Managing Sky Mountain Park for many users

May 1, 2023

A cow elk and calf at Sky Mountain Park in July 2022.

The hikers and mountain bikers who hit the trails of Sky Mountain Park on opening day (May 16) will join an impressive array of mammals and birds on the landscape – a testament to successful management of the area for both wildlife needs and human recreation.

The 2,500-acre assemblage of open space properties on the edge of Snowmass Village will reopen after a 5 ½-month closure to protect wild animals, particularly elk and deer, during the harsh winter months. The most recent, comprehensive wildlife survey at the park, however, confirms many other species also call the open space home. Animals that inhabited the heart of the park when it first opened to public use (in 2011) continue to occupy its shrublands, riparian zones and aspen groves, even with annual trail use numbers that regularly top 8,000 over the months when the park is open.

Management actions, including the wintertime closure to humans, a dog prohibition across much of the park, a dawn-to-dusk closure and regulations that restrict human use only to the designated trails, are aimed at wildlife protection. These actions minimize disturbance and give mammals space to move, eat, sleep, rest, give birth and rear their young in the spring, and time for birds to nest.

Pitkin County Open Space and Trails has contracted periodic wildlife and vegetation surveys at the park since 2011 to document the health of the ecosystem. The monitoring tracks changes to wildlife and plants over time, helps in assessing the effectiveness of current management practices and guides changes in how the open space is managed for habitat and recreation. This quantitative information is important for adaptive management of the resources.

The most recent wildlife report, prepared by Colorado Wildlife Science of Basalt and based on field studies completed in 2020 and 2021, showed a jump in the presence of some mammals, notably deer and elk, but concluded that the increase is likely attributable to environmental variations such as snowpack rather than an actual increase in abundance.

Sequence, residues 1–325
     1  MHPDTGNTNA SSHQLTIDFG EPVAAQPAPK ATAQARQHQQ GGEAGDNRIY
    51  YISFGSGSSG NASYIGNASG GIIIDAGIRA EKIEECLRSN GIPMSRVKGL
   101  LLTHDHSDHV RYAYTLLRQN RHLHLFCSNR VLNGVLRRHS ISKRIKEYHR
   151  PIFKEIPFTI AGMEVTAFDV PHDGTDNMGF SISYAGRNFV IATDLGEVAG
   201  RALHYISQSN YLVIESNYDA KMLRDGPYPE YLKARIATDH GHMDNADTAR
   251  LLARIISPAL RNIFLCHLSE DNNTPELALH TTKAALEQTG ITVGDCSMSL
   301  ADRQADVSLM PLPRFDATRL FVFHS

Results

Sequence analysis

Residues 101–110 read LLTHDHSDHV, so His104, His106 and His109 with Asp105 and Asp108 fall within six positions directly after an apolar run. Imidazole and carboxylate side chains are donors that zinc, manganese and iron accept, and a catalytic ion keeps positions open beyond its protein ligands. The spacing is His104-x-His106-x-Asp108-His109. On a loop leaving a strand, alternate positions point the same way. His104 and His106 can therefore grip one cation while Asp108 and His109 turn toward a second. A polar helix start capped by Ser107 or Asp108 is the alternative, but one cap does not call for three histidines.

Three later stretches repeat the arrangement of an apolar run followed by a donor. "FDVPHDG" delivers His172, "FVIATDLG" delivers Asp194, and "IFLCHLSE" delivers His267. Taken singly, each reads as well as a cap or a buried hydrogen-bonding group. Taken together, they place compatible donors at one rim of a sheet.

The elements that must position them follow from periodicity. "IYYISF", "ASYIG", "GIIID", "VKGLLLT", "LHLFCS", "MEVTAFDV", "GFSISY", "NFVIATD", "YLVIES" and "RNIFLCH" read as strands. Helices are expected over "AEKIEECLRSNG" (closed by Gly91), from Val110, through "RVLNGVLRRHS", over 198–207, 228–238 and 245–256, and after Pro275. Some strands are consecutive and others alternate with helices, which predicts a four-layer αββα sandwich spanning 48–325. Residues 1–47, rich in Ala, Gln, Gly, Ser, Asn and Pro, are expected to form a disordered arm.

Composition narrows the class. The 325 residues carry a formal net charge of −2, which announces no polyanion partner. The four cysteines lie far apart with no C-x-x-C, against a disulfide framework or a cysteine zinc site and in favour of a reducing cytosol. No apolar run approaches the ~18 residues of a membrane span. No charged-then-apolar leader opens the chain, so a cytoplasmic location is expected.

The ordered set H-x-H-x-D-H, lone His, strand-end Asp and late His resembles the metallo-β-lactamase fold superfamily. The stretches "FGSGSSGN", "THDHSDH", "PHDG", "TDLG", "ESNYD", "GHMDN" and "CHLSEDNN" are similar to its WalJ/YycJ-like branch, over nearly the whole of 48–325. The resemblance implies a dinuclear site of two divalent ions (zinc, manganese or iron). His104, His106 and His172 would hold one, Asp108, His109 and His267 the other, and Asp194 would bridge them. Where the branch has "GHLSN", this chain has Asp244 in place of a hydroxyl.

Sky Mountain Park “encompasses some of the most important migration corridors in the upper Roaring Fork Valley and provides high-quality transition habitat,” the report said.

Some cow elk use the property to rear their calves and as summer range. Bulls use the open space year-round, as well. Elk calving has not been documented at Sky Mountain Park (SMP), but it likely occurs there and wildlife cameras have photographed elk calves.

“Given, however, the number of solitary cows captured by the cameras on both sides of the property during the height of calving season, it is likely that there is indeed some parturition (birthing) occurring at SMP,” the report noted.

The park also serves as winter and summer range for mule deer, and likely as fawning habitat, according to the report.

The wildlife surveys have detected 11 mammalian species in the park since 2011. In 2021, the top five most documented were elk, mule deer, least chipmunk, black bear and mountain cottontail.

Two federally protected species could occur at the park, though neither has ever been documented there – Canada lynx and gray wolf. The park could be used by a lynx passing through, though it does not provide suitable denning or winter habitat. Gray wolves, slated to be reintroduced to Colorado, could eventually inhabit Sky Mountain Park.

“Once gray wolves are introduced to Colorado, it is likely they will occur at SMP,” the report said, recommending Open Space and Trails consider the species in future management decisions.

One species considered a “species of concern” by the Forest Service – the Pacific marten – has been documented in the park.

Among the 72 bird species that have been recorded at the park since surveying began, 19 are designated by one or more governmental agencies or conservation organizations as having special status or have been found to be in decline. A Northern harrier and Canada jay were documented at Sky Mountain Park for the first time in 2020. The harrier, a hawk, is categorized as a Species of Greatest Conservation Need by Colorado Parks and Wildlife.

When the park opens in mid-May, visitors are likely to see and hear Green-tailed towhees – the most common bird species at the park. More than 150 of the birds were detected in the most recent field survey.

Three bird species known to be sensitive to human activity and habitat alteration – Brewer’s sparrow, Virginia’s warbler and Green-tailed towhee – were all detected in substantial numbers in appropriate habitat. In contrast, birds that live closely alongside humans (think crows, robins and magpies, for example) were detected in low numbers or not at all.

“This is a relatively robust indicator of habitat integrity, suggesting that despite the mixed use management of SMP, it continues to provide effective habitat for sensitive bird species,” the report concluded.

Owls, also considered indicators of ecological health, are among the bird species found at Sky Mountain Park. In addition to the Great-horned owl and Flammulated owl, an additional species – the Northern saw-whet owl – was detected in the park for the first time in 2021. A Common nighthawk was detected for the first time, as well.

Opening day at Sky Mountain Park will give human visitors an opportunity to see animals that have had the park to themselves since last December. Watch and listen. Be mindful of other critters along the trails.

– By Pitkin County Open Space and Trails 


Sky Mountain Park Annual Wildlife Monitoring Report – 2020 & 2021 Field Seasons – will be published on OST’s Ecofinder repository of ecological reports in the near future.

A mule deer and a fawn on Viewline Trail at the park.

A Green-tailed towhee at Sky Mountain Park.